As we got closer to the lock, it became clear that these ladders would be our only way off the water and we somehow managed to haul both ourselves and Benji the kayak out of the canal. Up on the bank, things didn’t look good. We were faced with a huge lock with no way round to the water on the other side: our options were either walking down a busy main road, or edging our way down a set of perilously steep, slippery steps that were open on one side. One wrong-placed foot would lead to us swimming in the lock, somewhere we definitely didn’t want to be as the 80+ metre barges navigated in and out.

Moored to the bank next to us was a barge waiting to go through the lock, loaded up with scrap metal. Kate jokingly commented that asking for a ride through the lock might be the best option. We laughed briefly, then suddenly realised that this was quite probably the only way we would get past the lock. Tentatively, we approached the captain, working out how to broach the subject. It transpired that we didn’t have to overthink this: as soon as we asked if he spoke English, the man answered that yes, he did, and offered us a lift to Charleroi, our day’s destination.

We leapt at the offer. The light indicating that the barge was permitted to enter the lock was turning green so we had to act quickly. In a flash, Benji was safely stowed along the side of the barge. We piled on and within moments found ourselves within the lock.

For a while, we wrestled with the notion that we were “cheating”. We were here to paddle, not sit on the deck of a barge in the sunshine, with a playful 10 month old dog entertaining us. Despite feeling this way, we had to accept that our options were very limited, something that became increasingly apparent during the course of the afternoon. It seemed that each lock we passed through on the barge was more inaccessible by kayak than the previous one. We almost certainly would have been stopped in our tracks at every one.

Eventually, we arrived at the outskirts of Charleroi. Almost immediately after paddling away from our new friends, the canal passed into a vast, derelict factory site spanning both sides of the water. Rusted towers and bridges loomed over our heads, half-collapsed doorways giving glimpses into a now extinct world of industry.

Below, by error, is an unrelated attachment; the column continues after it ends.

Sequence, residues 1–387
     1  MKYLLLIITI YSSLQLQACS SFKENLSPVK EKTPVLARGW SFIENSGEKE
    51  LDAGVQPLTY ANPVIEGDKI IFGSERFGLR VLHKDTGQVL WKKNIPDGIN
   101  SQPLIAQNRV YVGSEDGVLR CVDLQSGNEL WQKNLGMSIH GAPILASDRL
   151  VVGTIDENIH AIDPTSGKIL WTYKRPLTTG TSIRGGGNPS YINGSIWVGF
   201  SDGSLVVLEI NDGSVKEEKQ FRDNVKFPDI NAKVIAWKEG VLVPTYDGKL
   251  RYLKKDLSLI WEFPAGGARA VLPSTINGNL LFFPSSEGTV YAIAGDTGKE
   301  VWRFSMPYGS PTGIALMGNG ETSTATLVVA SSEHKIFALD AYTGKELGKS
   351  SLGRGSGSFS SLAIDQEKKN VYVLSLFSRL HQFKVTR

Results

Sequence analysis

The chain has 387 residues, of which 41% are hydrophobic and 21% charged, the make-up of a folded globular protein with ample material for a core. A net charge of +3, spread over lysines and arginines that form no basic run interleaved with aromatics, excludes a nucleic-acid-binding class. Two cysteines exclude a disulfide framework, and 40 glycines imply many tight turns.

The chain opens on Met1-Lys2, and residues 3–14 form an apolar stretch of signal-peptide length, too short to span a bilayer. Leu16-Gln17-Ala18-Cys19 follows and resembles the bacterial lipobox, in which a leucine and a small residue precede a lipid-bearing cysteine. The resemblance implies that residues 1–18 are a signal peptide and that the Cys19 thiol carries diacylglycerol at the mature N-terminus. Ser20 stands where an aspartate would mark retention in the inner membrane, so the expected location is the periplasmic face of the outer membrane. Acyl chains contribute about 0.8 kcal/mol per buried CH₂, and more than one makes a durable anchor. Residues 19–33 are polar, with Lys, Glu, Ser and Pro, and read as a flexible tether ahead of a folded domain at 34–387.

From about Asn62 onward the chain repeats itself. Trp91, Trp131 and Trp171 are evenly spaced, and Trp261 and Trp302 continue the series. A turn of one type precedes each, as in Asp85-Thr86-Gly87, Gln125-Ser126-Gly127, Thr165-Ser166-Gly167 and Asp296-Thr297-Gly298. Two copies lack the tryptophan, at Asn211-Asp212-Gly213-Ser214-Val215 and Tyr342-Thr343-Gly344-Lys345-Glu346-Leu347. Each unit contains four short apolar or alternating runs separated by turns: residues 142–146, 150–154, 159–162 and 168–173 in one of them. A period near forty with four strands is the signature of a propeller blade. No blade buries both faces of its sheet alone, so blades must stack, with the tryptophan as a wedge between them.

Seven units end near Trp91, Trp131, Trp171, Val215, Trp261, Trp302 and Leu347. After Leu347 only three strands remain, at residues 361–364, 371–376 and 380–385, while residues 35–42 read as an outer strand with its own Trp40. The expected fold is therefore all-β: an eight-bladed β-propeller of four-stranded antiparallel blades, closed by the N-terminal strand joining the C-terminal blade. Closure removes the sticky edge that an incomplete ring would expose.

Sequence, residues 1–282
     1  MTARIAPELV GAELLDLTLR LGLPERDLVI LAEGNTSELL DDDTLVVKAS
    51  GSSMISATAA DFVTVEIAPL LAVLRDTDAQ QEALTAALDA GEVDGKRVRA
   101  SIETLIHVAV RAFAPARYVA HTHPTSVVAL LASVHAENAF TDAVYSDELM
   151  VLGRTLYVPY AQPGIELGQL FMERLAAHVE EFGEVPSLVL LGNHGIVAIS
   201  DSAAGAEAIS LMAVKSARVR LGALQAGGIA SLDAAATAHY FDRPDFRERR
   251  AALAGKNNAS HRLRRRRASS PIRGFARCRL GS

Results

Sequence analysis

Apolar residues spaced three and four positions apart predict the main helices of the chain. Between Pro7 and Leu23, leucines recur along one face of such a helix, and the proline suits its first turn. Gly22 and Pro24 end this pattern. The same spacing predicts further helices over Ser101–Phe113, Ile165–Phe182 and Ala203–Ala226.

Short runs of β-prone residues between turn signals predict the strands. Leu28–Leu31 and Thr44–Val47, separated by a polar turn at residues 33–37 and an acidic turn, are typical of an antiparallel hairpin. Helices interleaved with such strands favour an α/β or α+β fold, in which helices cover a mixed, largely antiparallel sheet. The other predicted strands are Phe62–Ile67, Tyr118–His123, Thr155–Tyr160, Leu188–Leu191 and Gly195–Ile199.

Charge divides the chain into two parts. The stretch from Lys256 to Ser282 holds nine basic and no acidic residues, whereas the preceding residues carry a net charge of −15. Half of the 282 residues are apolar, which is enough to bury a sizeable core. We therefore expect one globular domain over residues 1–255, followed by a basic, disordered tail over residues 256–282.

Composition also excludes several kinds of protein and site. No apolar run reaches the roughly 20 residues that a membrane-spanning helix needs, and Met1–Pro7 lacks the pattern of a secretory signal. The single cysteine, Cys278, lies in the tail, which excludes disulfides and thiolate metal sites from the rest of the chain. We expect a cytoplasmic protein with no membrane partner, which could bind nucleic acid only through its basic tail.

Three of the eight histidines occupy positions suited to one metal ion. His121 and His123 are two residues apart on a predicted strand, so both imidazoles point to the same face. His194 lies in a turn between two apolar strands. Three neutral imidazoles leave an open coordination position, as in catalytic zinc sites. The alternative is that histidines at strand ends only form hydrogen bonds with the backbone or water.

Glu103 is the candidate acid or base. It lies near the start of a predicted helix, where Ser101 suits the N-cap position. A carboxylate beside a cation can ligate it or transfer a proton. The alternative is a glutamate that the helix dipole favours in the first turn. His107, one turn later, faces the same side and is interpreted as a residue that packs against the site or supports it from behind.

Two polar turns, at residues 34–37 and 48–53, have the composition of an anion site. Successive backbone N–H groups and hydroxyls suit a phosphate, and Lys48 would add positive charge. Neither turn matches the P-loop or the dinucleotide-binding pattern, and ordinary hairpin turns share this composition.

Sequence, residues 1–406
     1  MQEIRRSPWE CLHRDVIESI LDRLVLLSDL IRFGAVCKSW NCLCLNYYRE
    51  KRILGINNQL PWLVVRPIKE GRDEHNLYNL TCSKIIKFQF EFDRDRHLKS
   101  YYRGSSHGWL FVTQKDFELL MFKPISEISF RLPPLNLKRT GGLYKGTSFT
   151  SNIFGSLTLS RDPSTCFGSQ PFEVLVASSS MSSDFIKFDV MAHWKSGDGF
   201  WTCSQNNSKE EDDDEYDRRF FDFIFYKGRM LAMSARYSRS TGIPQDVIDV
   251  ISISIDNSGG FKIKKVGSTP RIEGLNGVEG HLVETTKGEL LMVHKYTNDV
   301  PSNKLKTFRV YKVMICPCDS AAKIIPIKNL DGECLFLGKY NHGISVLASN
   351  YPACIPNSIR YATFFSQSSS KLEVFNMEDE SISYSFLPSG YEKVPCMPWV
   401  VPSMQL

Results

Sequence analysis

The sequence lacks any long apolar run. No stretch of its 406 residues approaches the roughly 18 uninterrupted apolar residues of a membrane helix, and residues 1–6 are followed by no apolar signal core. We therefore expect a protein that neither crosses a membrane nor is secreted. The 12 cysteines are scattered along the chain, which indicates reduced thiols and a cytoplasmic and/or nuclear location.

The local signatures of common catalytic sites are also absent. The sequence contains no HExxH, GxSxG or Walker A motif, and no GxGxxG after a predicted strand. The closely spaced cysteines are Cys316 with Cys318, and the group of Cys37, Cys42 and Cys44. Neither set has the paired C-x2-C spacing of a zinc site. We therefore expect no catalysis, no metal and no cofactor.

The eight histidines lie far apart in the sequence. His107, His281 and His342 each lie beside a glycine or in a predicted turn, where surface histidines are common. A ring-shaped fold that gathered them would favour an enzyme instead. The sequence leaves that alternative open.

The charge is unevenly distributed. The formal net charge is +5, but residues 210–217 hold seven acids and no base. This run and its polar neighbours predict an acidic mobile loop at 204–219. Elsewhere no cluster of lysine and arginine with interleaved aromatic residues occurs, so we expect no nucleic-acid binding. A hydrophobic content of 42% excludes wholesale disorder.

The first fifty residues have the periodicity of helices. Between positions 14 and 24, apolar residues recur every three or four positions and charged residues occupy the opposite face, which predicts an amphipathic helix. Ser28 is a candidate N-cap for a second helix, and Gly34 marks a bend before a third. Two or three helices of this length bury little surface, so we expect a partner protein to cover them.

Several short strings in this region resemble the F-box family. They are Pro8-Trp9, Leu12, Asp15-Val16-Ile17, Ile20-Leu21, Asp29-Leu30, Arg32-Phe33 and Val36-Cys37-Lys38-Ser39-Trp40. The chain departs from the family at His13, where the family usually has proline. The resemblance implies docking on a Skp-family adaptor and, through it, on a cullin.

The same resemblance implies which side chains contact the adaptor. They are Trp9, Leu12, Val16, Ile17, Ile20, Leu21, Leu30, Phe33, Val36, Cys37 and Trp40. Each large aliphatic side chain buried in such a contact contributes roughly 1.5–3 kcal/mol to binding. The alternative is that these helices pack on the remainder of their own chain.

Paddling further through the site it became clear that we would struggle to get out of the water the closer to the city we got. It therefore made most sense for us to get out of the kayak sooner rather than later, but being wheel-less, we decided to keep Benji on the water, opting to pull him alongside us on the end of the rope. Taking our kayak for a walk through what is best described as the real-life set of most zombie apocalypse films is almost definitely the most bizarre thing we have done yet!

Finally we were forced to pull Benji out of the water in order to carry him the final 850m to the secure car park he was to spend the night in. This was a steep learning curve for us: we’d been entertaining the idea of continuing for the next few days without any wheels, carrying all of our kit and kayak around the locks. Those 850m taught us very quickly that this was definitely not going to happen. Within minutes, our backs were aching from the awkward angle of lifting a 40kg, almost seven metre long boat. That evening, once Benji was safely locked up, we mulled over our options before finally enlisting the help of Anna’s dad, David, and his car.

With a day to kill in Charleroi, we started searching for the first suitable place from which to access the canal. Our fruitless search led us along the tow path for a few kilometres out of the city centre. The water was a 20m drop below the path for as far as we could see.

Determined not to accept defeat, we spent the following day driving along the canal trying to find access points. Once we’d found a part of the bank we could safely scramble down, we would then drive ahead to establish whether we’d be able to get out of the canal at the end of the section. Unfortunately, our perseverance and David’s patience with the constant back-and-forth was not enough. Out of the 48km stretch to the next city of Namur, we managed to paddle a total of 10km.

Though feeling frustrated and itching to get back into the full swing of our expedition, the setbacks we’ve faced this week have not dented our enthusiasm or morale. Anyone who knows us will be relieved to hear that our giggle fits have continued! As soon as our replacement wheels arrive we will be back on the water, heading back into France on the River Meuse, feeling slightly relieved to leave the challenges of Namur behind...